, NAIROBI, Kenya, Aug 10 – The Central Bank of Kenya (CBK) has appealed to banks to reduce their lending rates to enable the private sector access funds for development.
Governor Prof Njuguna Ndungu said on Monday that the government had played its part by reducing the Central Bank Rate (CBR) and the Cash Reserve Ratio (CRR) and the financial institutions should follow suit to ensure a vibrant private sector.
“It’s good and encouraging for banks to post profits but whereas that is good, it should be in tandem with the idea of reducing lending rates. If we don’t, we are going to kill the private sector and the real sector which is the goose that lays the golden egg,” he said.
His appeal came after revelations that banks have cut back on their lending as a way of protecting themselves against high rates of defaults following the hard economic times.
“If the economy is doing well, if the banking sector is doing well, then both parties benefit. However, if you maintain high lending rates, it means that any internal or external shock to the private sector may actually increase the rates of default,” he cautioned.
This is evident from the recent half year results that have been released by several banks which show that loans and advances have slightly declined.
The Governor however reiterated that the CBK has an open door policy where the sector was free to discuss ways to mitigate risks and in turn bring down transaction costs.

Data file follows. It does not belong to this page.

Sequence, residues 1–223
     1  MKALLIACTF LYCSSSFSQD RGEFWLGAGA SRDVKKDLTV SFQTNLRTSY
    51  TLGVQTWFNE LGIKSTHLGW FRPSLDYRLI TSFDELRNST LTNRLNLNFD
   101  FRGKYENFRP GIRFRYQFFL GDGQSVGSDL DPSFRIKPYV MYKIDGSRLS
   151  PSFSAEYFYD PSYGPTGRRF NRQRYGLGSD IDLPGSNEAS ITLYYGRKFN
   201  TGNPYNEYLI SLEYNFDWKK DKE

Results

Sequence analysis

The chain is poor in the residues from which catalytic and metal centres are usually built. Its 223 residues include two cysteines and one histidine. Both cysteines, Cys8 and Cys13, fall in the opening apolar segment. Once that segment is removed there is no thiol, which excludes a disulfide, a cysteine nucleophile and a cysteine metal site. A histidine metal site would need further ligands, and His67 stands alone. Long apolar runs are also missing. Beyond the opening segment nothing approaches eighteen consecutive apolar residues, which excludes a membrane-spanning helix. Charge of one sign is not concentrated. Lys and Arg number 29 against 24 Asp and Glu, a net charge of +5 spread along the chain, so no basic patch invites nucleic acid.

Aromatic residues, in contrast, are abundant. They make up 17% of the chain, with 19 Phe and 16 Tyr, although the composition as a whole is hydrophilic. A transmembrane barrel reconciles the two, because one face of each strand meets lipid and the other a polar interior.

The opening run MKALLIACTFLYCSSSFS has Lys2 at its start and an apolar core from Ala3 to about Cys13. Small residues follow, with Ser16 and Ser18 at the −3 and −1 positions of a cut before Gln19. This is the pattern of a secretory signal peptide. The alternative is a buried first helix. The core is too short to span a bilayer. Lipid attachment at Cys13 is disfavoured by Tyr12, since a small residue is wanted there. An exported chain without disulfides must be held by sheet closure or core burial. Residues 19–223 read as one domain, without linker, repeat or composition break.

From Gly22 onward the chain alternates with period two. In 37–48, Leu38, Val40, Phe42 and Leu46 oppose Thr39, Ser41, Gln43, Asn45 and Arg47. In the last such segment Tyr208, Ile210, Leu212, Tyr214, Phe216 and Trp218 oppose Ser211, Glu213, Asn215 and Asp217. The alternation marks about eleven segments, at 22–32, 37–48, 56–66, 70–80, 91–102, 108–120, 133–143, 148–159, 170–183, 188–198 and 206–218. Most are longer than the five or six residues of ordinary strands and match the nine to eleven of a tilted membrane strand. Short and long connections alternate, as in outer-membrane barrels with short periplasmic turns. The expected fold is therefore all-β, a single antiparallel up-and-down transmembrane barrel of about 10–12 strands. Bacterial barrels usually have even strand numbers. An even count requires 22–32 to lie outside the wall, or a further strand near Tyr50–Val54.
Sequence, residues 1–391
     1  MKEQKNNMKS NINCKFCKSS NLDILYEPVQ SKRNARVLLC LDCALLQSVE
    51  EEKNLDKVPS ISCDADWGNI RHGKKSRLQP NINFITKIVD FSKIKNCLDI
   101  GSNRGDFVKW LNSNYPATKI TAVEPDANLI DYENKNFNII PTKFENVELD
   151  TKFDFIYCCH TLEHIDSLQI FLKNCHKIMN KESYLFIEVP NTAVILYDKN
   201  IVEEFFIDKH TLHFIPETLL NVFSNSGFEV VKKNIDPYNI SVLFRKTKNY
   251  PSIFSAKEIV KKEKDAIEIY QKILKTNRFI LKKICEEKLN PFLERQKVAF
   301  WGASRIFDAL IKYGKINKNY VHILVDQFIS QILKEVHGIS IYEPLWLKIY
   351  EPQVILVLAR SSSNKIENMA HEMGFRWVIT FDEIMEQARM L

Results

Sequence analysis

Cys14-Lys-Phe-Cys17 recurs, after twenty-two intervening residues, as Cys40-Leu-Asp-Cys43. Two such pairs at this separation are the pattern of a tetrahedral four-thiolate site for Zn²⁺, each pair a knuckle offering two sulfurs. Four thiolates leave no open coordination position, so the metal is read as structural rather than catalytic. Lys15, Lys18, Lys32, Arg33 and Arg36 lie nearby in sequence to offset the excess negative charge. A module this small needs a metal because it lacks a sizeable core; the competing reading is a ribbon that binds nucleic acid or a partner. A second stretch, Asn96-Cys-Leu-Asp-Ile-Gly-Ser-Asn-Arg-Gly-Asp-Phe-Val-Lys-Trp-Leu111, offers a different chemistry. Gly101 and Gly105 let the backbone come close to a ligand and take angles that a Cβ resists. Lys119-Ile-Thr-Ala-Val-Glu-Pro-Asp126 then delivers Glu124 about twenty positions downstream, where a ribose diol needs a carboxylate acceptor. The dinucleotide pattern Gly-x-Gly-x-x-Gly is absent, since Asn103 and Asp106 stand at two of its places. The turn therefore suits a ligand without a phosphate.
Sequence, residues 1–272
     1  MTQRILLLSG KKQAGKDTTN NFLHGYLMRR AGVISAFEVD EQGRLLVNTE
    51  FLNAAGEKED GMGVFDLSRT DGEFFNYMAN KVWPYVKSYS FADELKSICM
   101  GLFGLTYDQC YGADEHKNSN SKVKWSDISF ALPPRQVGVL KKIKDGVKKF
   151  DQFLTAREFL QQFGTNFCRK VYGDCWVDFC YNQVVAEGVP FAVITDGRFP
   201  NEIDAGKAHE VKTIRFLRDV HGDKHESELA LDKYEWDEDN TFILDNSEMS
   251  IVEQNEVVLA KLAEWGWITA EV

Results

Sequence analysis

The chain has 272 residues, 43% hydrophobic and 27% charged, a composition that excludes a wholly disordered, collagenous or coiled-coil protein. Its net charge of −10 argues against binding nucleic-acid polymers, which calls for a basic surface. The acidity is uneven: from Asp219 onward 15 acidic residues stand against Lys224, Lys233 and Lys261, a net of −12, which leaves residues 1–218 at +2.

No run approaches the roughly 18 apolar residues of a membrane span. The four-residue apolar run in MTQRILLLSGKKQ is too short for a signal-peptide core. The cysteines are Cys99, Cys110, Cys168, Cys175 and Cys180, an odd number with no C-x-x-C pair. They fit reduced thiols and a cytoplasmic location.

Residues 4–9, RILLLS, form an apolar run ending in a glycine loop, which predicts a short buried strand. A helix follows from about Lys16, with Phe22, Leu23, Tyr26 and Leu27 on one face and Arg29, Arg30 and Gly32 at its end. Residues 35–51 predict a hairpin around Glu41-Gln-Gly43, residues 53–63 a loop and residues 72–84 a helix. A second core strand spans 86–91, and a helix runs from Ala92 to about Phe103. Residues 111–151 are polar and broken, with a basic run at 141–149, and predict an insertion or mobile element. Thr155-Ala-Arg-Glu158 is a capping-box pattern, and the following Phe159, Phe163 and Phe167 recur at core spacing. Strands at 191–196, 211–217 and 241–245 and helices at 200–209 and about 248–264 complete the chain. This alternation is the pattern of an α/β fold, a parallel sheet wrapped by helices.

Low transaction costs, he argued, would have the multiplier effect of increasing deposit rates and eventually the national savings and investment rates, which the government hopes to increase by 32 and 35 percent respectively by 2030.
Statistics from the CBK however shows that the country could well be on the way to achieving this dream if no major interruptions are experienced.
For instance, the Governor said deposits went up to Sh954 billion in June 2009 from Sh871 billion recorded in June 2008 mainly due to efforts to mobilise deposits and expand branch networks by banks.
He observed that the sector has performed well despite the turbulence that had been experienced in the economy in the past one year.
Another indicator, he pointed at to support his argument was statistics that the industry’s assets increased by 15 percent to Sh1.26 trillion in June 2009 from Sh1.09 trillion recorded in the corresponding period last year.
“The number of branches at the end of June 2009 stood at 930 an increase of 158 branches from the same period last year,” he added.
The Governor spoke during the launch of the Southern Credit Banking Corporation MasterCard Debit Card which the bank’s Chairman Jeffrey Bamford said would allow the bank’s customers to transact business at more outlets.
“It will be accepted in more than 200 outlets countrywide and 28.5 million outlets worldwide,” the chairman said of the card which will also be acceptable in retail chains.
Mr Bamford, the launch was part of the strategy to provide services and innovation products to its clientele which has been expanded to include Small and Medium Enterprises, the youth and women.
The service is now seen as an expansion of the country’s card market segment which is currently underserved.